• Like Like x 1
  8. isshinryuronin

    isshinryuronin Green Belt

    Joined:
    Feb 28, 2019
    Messages:
    154
    Likes Received:
    126
    Trophy Points:
    198
    Location:
    Las Vegas
    I guess he said this to everyone he trained, albeit different versions. As one who has been on the receiving end of one of his demos, I can agree that to feel is definitely to know.

    You got to call him "Ed"? My new partner, upon meeting him, greeted, "Hi, Ed." and Parker's eyes kind of narrowed and got wide at the same time, although there was a hint of a smile. He was an ex sheriff's deputy, so maybe it was a cop thing.

    .
     
  9. Buka

    Buka Grandmaster

    • MartialTalk Mentor
    Joined:
    Jun 27, 2011
    Messages:
    9,412
    Likes Received:
    5,963
    Trophy Points:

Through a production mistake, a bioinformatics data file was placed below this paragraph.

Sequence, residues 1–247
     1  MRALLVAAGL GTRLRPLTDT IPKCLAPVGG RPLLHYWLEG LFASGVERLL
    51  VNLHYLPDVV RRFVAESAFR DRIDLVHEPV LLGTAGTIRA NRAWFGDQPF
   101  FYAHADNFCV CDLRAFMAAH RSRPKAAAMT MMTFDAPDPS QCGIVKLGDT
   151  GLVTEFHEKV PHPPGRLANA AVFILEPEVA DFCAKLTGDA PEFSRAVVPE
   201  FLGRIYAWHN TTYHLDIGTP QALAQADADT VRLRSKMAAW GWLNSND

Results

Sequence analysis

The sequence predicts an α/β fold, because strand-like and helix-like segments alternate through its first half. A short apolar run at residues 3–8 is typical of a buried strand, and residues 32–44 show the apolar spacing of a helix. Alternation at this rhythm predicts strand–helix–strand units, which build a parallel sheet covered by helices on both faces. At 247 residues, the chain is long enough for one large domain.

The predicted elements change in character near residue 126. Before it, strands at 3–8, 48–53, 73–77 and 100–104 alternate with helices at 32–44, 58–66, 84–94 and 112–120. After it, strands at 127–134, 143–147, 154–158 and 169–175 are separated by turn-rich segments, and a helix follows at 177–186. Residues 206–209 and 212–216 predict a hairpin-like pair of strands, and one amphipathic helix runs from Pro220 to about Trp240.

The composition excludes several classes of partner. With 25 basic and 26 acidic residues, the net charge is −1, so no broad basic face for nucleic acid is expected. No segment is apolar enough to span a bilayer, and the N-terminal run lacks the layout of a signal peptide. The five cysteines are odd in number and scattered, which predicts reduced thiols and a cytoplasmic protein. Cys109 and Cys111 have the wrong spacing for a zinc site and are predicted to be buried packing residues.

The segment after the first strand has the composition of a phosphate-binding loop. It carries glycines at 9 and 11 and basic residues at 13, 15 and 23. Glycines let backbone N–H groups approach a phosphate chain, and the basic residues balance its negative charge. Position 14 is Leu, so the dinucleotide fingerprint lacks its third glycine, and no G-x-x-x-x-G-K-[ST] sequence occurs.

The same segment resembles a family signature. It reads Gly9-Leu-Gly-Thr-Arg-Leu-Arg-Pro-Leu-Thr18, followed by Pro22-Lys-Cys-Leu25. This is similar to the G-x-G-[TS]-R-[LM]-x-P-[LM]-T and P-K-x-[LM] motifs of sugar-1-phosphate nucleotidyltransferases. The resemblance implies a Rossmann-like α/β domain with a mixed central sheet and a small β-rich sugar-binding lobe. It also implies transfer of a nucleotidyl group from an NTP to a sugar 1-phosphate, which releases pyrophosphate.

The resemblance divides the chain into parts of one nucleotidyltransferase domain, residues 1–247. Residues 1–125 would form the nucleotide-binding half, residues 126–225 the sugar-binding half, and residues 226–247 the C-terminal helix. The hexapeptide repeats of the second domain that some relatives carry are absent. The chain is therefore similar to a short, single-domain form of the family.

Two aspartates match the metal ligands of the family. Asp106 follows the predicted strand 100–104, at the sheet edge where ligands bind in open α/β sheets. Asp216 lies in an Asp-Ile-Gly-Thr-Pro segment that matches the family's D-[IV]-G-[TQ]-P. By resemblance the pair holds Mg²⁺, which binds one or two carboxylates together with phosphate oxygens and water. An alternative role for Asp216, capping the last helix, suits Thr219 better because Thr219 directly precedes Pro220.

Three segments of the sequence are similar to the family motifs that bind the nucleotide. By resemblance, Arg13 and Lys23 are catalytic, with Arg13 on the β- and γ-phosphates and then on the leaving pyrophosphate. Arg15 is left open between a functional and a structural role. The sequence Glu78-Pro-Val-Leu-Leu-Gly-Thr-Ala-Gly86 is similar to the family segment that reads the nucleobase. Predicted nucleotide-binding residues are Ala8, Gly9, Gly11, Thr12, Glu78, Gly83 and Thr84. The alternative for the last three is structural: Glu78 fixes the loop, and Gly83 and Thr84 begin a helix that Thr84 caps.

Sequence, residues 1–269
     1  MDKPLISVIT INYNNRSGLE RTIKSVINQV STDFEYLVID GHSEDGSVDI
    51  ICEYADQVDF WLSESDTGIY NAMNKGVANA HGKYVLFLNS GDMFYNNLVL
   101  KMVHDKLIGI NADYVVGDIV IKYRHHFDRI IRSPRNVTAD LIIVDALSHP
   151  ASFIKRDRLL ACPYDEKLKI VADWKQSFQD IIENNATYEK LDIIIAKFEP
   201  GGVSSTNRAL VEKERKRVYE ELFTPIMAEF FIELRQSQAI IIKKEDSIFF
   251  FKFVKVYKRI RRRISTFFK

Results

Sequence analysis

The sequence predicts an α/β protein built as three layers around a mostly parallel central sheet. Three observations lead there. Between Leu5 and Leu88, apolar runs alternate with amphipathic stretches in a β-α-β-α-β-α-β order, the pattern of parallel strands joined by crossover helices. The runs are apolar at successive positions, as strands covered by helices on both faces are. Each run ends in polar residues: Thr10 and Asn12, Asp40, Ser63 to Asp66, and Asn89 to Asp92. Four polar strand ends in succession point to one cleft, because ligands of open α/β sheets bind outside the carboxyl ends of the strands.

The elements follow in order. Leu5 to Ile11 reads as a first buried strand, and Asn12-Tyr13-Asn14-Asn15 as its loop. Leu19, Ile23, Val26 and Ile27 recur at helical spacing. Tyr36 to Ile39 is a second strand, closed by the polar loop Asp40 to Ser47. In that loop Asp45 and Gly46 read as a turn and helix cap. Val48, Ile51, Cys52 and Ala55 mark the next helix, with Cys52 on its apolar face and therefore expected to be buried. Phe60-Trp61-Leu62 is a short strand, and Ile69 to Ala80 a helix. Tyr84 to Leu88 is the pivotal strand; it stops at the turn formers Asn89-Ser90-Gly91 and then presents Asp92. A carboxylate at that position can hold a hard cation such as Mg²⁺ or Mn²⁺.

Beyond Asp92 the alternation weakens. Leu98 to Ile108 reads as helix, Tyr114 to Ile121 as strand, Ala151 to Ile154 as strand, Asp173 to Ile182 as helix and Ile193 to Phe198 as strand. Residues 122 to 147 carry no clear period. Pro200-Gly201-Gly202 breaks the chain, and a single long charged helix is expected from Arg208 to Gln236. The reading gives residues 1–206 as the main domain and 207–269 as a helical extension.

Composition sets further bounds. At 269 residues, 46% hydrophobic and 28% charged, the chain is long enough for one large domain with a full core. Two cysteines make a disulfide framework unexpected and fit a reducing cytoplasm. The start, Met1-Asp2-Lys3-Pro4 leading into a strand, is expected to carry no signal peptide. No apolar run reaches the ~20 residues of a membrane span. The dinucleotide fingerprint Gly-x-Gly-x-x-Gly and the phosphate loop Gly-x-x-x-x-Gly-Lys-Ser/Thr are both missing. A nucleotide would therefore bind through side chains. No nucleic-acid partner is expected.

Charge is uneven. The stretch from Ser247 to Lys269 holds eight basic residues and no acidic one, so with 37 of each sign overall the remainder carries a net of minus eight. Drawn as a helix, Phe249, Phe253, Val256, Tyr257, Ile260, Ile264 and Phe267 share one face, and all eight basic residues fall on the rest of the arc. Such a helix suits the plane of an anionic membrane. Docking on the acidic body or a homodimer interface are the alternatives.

448
    Location:
    Maui
    Not at first, obviously. He used to come to New England a lot, used to stay with a friend of mine. Ed was always my go to guy when I had a question on Martial Ethics or history. Regardless of what that question might be, his advice always turned out to be spot on.

    I addressed him as Master Parker in front of students, or people I didn't know, just as I would for anyone else of that ilk as a matter of Martial respect and protocol. But if we were hanging, we were hanging. Jokes and Italian food, which he loved both of, were always a big thing. If you had a good joke, he was the best audience you could have, he had an infectious laugh.

    I have a short letter he wrote to my mother, telling her what a nice man Elvis Presley was. Mom was an old women at the time who loved Elvis like a school girl would, she cherished that letter until the day she died. He didn't have to take the time to do that, but he did.

    Master Parker was a really nice man.

    EdandChuck.jpg

    I had just shown him how an Italian ties his shoe. I'm Italian, so it's okay
     
    • Like Like x 2
  10. Kung Fu Wang

    Kung Fu Wang Grandmaster

    Joined:
    Sep 26, 2012
    Messages:
    7,859